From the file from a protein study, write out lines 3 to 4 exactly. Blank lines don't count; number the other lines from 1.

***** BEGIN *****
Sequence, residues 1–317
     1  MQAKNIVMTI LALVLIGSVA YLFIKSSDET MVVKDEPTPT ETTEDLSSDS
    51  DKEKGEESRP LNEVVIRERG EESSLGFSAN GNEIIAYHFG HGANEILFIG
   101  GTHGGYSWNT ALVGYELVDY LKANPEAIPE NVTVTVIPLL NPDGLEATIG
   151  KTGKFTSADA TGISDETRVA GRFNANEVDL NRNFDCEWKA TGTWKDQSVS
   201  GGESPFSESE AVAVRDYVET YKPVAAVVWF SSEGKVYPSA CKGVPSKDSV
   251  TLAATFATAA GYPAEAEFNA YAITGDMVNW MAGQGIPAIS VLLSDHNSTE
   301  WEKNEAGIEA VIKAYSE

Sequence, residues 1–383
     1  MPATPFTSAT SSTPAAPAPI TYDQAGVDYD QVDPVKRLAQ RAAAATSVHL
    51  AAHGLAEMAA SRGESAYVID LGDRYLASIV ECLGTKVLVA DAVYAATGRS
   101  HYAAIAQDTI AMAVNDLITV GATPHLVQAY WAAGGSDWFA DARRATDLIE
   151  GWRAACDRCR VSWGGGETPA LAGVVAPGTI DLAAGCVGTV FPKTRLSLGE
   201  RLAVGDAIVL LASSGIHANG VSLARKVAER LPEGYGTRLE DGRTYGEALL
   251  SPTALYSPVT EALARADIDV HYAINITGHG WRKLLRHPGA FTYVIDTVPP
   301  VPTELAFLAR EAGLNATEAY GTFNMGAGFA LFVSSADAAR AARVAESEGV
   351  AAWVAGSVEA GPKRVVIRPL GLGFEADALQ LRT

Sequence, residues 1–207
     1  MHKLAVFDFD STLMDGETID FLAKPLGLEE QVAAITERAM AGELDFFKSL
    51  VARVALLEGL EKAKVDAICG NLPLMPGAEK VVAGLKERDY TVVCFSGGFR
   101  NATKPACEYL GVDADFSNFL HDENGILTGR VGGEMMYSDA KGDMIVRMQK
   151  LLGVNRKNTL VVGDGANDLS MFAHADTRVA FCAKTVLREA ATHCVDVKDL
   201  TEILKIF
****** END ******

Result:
    51  DKEKGEESRP LNEVVIRERG EESSLGFSAN GNEIIAYHFG HGANEILFIG
   101  GTHGGYSWNT ALVGYELVDY LKANPEAIPE NVTVTVIPLL NPDGLEATIG